After spending the morning alone searching some bays on Lake Champlain that I don’t fish much, I made my way to fish with my buddy Jamie on the southern part of the lake. We had hopes of catching the evening bite for some crappie in deep water.
With a few tip ups soaking, the jigging bite was decent. The tip ups kept us quite busy but not with hook ups. Many of the flags were from the bait getting knocked. Many of the fish that were marking on the graph weren’t willing to bite. It was immediately apparent whether or not a fish would bite though. The bites were hard and most of the time came in short bursts of 3 or 4 fish. Using heavy jigs were important to speed fishing that is requited for these roaming crappie.
I fished with my buddy Jamie and a group of 6 guys today. Mainly they wanted to set up tip ups so the morning bite was consumed with drilling and setting an ample number of traps across the lake. Although it was a nice day. A slight breeze in the air kept it from being warm.
The bite wasn’t hot but a few quality fish made the day. The highlight of the day was a 17-3/4″ crappie that weighed 2 pounds 13 ounces. One of the guys out there with us caught it on a tip up with a medium shiner. When approved, it will enter the record books at number 3.
Other than a slow but steady bite on the tip ups, jigging produced a few fish throughout the day but never any heavy runs. As evening approached, I was gathering up the last small cluster of tip ups that were out by myself. With four left on the ice, one fired and started screaming line. After a few minute battle, I had a 30 something inch pike topside. After getting someone for a picture, I released the fish and finished picking up.
A cold day warrants spending the day in a shelter. For this day, four of us sat in my Clam Big Foot XL4000T. We had a spread of tip ups out and the action was pretty good. There were loads of perch around and they were willing to bite. Mainly we were running fatheads but we also had medium shiners on a few in case any larger fish went by. For the most part, our action was steady for about two hours. After that, things slowed up pretty well and the cold really had us sticking to the shelter. It wasn’t taking long for the holes to freeze up solid enough so that we had trouble busting them free. After a few hours of very slow fishing and cold weather, we packed up out gear and went out bite a buffet. The fish in the tank had us wondering what they were biting on!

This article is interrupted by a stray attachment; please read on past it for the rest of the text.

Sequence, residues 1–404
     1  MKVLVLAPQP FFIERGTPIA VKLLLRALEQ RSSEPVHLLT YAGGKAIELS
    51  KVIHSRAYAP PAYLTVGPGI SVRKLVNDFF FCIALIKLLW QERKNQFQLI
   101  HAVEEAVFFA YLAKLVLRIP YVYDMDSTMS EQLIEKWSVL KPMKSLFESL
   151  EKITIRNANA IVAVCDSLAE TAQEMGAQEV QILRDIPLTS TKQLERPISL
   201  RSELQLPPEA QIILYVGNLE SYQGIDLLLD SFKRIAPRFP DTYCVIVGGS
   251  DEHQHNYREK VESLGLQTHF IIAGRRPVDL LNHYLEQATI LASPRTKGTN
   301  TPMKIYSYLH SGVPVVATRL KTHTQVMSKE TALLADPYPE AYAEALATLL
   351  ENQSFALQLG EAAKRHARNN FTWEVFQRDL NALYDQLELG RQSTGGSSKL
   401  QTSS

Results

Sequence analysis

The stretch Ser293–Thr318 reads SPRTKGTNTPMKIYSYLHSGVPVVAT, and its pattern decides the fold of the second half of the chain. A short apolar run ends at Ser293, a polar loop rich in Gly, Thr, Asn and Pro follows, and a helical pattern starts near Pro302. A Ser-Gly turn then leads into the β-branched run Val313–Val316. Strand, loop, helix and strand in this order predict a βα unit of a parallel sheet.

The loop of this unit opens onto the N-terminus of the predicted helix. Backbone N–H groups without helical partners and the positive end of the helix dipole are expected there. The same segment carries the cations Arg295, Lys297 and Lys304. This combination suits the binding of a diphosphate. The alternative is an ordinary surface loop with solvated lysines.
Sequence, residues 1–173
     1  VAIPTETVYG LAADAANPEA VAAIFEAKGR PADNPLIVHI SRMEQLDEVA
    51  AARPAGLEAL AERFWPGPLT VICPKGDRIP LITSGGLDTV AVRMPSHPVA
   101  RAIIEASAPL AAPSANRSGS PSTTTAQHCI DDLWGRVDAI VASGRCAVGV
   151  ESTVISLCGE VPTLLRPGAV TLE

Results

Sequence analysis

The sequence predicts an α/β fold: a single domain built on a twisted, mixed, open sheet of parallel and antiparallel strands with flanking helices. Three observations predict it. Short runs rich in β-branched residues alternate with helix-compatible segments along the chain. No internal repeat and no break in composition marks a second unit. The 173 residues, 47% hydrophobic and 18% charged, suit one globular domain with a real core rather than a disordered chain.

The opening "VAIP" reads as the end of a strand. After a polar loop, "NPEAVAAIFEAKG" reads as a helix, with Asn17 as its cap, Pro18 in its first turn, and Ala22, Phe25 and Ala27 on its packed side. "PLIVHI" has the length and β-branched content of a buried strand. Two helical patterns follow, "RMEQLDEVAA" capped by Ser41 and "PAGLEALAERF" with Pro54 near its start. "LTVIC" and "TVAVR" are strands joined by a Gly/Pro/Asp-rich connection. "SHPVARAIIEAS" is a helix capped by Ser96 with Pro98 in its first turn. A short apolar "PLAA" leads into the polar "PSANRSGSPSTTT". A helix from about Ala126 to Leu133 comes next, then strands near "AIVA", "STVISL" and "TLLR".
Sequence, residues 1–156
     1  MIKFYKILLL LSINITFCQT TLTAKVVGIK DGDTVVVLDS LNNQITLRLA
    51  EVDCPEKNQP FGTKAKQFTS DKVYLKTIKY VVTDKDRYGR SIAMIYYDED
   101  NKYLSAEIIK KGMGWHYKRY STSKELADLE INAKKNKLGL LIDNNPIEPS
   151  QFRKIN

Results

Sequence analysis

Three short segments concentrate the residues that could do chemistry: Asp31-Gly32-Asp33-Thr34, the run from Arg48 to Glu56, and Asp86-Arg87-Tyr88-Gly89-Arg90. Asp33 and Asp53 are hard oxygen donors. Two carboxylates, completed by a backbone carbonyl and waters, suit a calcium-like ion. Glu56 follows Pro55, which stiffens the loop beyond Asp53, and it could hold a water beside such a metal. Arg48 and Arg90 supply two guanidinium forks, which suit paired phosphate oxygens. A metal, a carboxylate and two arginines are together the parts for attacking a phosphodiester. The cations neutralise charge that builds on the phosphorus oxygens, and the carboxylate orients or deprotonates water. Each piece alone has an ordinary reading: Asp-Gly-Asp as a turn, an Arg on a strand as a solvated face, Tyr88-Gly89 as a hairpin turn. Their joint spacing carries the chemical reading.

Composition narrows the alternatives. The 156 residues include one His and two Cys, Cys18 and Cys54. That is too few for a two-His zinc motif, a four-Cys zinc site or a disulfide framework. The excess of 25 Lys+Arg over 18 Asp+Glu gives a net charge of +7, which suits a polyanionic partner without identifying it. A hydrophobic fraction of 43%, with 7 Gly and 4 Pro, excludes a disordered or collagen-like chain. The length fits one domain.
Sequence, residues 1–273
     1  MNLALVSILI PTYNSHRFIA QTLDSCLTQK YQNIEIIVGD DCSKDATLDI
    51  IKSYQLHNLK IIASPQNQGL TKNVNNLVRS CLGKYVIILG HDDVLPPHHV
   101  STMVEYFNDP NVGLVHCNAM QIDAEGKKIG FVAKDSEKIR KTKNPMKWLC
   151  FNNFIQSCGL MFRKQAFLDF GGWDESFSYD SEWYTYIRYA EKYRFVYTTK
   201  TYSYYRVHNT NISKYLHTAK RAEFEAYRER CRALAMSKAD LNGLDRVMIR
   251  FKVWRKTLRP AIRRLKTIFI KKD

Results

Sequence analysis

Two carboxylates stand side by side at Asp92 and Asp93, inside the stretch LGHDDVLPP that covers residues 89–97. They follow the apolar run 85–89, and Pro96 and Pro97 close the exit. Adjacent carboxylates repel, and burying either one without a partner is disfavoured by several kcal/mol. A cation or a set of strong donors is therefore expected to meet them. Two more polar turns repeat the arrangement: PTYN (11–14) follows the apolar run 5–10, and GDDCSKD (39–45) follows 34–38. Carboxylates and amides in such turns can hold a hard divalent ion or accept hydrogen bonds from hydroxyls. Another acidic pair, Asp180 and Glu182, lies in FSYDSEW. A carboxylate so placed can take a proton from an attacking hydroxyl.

I spent the day filming tip up fishing pickerel for Tom Gruenwald Outdoors. With an odd ball target like pickerel, there were many options on where we could go but what better than Lake Champlain. Having the right to put out 15 tip ups per person greatly increased our odds. As it turned out, we couldn’t get that many out! As we set up our first tip up, we guessed how long it would take for our first flag to pop. Jamie guessed six and I guessed seven. It was five, so neither of us were right but for the remainder of the day we had steady action.
We caught several pike and plenty of pickerel. During some of the downtime we jigged up panfish. As the sun started to set, we were told that there was plenty of footage and we could pick up. After I picked up the first two tip ups I saw that the third one was bumping the hole. I quickly snagged it up and soon landed my biggest pike ever on camera. It went 36″ and unfortunately, I don’t have a picture of it yet. The camera man snapped a photo for me but hasn’t had time yet to send a copy to me. When it comes I will post it up.
I fished with a buddy today at a spot that I usually stay away from because of the trek in. With hopes of suspending crappie and some pike on tip ups, the walk in wasn’t so bad!
The action started off with a pickerel before we got our spread of flags out. With short bursts throughout the day, We both stayed warm chasing the action down. We both caught some decent pike, pickerel, and bass but nothing overly large. The crappie on the other hand were almost non-existent. Mainly in the deep water were bluegill, pumpkinseed, bullhead and perch. Can’t forget about the mudpuppy too!
It seemed like the pickerel were in less than 7 FOW, the pike were 7-12′ and the bass were deeper. As the sun started to set the cold breeze really sunk in and forced us to pack up and head for home.
With the crazy weather that was plaguing Minnesota during our trip, our equipment took a beating. Most nights, we had to pull out all of our jigs to prevent rust and set up our shacks so that they could dry out and not just be a block of ice on the porch. At times our cabin was quite stuffed. Fortunately, the pellet stove kept the front end of our house at a comfortable 82!
Finding fish on Mille Lacs wasn’t a problem. It was the catching that has us stumped. We spent a great deal of time just trying to put some fish on the ice so we could get a pattern of what they were feeding on. After 6 days on the ice, we finally found a jig/plastic combo that worked somewhat consistently. We ran a white Clam Pro Tackle “Epoxy Drop” with a pinched off tail of a motor oil “Stoni” from Maki Plastics. While this caught some fish it certainly wouldn’t catch them all. They were beyond picky. Many fish would come in, put the jig right on their eye, and then swim along with it touching the entire length of their body. It was frustrating beyond belief! While out there we thought of several factors of why the fish were so hard to catch. The obvious factors were the severe cold temperatures, full moon, and decaying weeds. Another factor that seemed to frustrate us more than anything were the abundance of tiny yellow perch.
One afternoon while we were attempting to catch some fish, we set up a few tip ups for pike. Shortly after getting them out the first flag popped. About a minute later, Andy pulled a nice pike through the hole. Because of the freezing cold and wind, we didn’t measure it but we figured it was in the high 30″s around 12 pounds. During our stay, we saw numerous pike of trophy size both looking down the hole sight fishing and on the camera.
Having an underwater camera was a huge factor in locating effective patches of weeds and fish. While cabbage was abundant, it seemed that the crappie and bluegills were more loyal towards the sparse patches of dense milfoil.